It will be seen from what has just been said that if we would control our anger so as to prevent its being a source of suffering to others and of injury to ourselves we shall never really succeed merely by the effort to check it, however faithfully we may try. Still more hopeless would be the effort to destroy it altogether. We could not destroy it even if we would, and if we did we should inflict an irreparable injury upon our character. We need it as an essential part of our moral equipment. It is to be controlled rather than killed; to be sanctified to the service of God.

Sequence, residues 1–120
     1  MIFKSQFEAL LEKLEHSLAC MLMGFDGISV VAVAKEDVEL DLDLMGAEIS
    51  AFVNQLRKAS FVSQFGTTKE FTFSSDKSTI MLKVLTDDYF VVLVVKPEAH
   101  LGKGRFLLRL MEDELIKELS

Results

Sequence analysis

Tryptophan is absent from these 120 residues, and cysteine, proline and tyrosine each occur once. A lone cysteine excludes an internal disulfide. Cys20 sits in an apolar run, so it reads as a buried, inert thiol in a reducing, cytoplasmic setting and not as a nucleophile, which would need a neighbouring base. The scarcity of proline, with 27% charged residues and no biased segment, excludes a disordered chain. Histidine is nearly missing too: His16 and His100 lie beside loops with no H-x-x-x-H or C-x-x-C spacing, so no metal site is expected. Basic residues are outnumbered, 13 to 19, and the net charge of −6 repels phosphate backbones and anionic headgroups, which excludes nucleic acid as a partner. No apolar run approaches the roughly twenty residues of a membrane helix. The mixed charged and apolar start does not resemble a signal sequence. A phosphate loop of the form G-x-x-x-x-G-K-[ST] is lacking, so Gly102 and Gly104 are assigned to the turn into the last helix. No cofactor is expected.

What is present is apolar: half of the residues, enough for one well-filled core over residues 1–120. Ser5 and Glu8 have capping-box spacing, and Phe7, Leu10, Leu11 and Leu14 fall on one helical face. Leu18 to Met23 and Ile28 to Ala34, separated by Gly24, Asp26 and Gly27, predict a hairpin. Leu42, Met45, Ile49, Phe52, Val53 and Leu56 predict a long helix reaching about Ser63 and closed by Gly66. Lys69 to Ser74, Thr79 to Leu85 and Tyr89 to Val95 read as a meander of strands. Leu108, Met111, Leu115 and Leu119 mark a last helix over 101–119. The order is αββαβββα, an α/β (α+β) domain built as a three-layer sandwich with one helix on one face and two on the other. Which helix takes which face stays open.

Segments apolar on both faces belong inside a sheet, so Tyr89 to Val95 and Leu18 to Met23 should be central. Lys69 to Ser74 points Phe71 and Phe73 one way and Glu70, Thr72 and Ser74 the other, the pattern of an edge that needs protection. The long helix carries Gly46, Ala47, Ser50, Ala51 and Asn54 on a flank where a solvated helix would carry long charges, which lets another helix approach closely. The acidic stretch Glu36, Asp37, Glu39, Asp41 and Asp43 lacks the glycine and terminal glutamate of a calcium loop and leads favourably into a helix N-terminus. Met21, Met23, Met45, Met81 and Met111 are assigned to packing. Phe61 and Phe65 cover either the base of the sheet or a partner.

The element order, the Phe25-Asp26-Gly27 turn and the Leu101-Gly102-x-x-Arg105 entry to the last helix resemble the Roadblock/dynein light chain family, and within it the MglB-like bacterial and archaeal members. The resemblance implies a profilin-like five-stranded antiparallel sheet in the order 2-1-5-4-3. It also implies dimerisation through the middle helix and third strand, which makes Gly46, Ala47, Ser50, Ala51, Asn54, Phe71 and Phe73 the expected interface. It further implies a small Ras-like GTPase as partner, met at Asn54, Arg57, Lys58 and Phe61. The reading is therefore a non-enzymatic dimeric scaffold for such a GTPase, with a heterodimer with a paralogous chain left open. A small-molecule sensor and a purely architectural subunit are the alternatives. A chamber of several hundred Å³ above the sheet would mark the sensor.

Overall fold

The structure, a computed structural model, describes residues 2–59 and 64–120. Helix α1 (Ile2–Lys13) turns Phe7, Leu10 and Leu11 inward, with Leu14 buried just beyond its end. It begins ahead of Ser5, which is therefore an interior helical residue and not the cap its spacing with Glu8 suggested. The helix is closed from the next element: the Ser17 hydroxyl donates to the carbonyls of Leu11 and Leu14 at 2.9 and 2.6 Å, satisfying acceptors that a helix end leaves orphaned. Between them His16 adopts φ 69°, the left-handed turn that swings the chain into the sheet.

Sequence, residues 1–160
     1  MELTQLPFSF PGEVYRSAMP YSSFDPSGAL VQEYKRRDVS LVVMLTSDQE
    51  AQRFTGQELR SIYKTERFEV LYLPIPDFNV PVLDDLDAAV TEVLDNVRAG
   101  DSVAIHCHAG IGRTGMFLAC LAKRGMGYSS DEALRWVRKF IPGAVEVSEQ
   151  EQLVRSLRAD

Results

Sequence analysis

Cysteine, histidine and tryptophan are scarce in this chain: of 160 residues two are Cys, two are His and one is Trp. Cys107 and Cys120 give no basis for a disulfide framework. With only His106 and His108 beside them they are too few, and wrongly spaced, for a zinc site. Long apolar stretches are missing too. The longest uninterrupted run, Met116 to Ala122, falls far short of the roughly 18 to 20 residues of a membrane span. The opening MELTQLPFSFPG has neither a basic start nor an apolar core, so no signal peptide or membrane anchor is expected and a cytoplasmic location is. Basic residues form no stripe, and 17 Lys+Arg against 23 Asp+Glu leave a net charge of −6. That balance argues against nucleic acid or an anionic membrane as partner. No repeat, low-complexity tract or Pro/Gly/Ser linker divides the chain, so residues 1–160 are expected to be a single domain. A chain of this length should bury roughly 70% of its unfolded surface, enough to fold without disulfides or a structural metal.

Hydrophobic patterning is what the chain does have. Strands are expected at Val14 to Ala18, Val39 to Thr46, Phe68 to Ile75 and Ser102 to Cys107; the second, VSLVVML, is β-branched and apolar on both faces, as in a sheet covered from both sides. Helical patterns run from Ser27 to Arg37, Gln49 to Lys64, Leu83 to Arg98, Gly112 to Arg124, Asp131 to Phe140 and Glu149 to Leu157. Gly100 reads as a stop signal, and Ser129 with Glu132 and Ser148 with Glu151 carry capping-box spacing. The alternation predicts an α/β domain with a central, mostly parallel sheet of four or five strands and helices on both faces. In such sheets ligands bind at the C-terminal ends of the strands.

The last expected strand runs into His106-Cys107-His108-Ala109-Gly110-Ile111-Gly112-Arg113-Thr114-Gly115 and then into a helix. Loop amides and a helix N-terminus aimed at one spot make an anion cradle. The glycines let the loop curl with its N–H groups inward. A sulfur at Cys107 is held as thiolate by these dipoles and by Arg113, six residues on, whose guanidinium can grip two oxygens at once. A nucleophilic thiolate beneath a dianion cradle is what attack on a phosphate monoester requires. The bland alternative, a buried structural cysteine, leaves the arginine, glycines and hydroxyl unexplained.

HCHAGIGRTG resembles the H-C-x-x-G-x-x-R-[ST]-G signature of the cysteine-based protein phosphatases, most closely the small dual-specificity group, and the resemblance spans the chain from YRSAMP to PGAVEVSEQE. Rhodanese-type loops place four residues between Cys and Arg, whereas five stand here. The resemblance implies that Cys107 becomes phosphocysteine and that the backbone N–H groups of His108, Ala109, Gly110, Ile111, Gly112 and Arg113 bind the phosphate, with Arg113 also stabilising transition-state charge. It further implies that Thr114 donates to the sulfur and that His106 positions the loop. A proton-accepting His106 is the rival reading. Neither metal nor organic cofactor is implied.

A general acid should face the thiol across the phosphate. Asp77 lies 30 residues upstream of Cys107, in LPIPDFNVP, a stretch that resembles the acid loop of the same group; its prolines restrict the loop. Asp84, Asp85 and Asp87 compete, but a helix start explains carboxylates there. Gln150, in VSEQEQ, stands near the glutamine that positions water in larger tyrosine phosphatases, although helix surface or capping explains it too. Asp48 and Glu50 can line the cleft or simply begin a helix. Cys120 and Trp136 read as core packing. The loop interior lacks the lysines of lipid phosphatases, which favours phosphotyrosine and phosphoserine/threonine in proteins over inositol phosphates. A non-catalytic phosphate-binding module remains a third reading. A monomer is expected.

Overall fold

We must strive to check it and control it, no doubt, but if we are ever to succeed we must do more than that. We must strive to conquer that which is the cause of its abuse, and that, as we have seen, is the reign of self in the soul - the living for self instead of for God. As we choose God as the end of our life, more and more steadily every part of our nature will fall into place, and work for the development of the soul as His creature and in His service. The battle with our anger must be both direct and indirect - direct, to check and restrain it when it arises, like a man who has got into the habit of putting his hand to his sword on every occasion on which he is vexed; indirect, by the constant effort to dethrone self and set God in its place. Only as this is effected can any victory over temper be lasting, or a victory that "does not destroy but fulfills". Only so can we feel sure that we do not lose any of the fire and force of our nature with which God has endowed it A perfect victory over anger does not make the man who gained it colourless, tame or effeminate, no more than it injures a piece of machinery to put back into its place some part that had got out of gear, and by its displacement and undue prominence hindered the work of the machine. Saul of Tarsus, the hot-headed and intolerant persecutor, lost none of his fife and energy when he became the "slave of Jesus Christ". Saint John the Apostle of love was the "Son of Thunder" to the very end.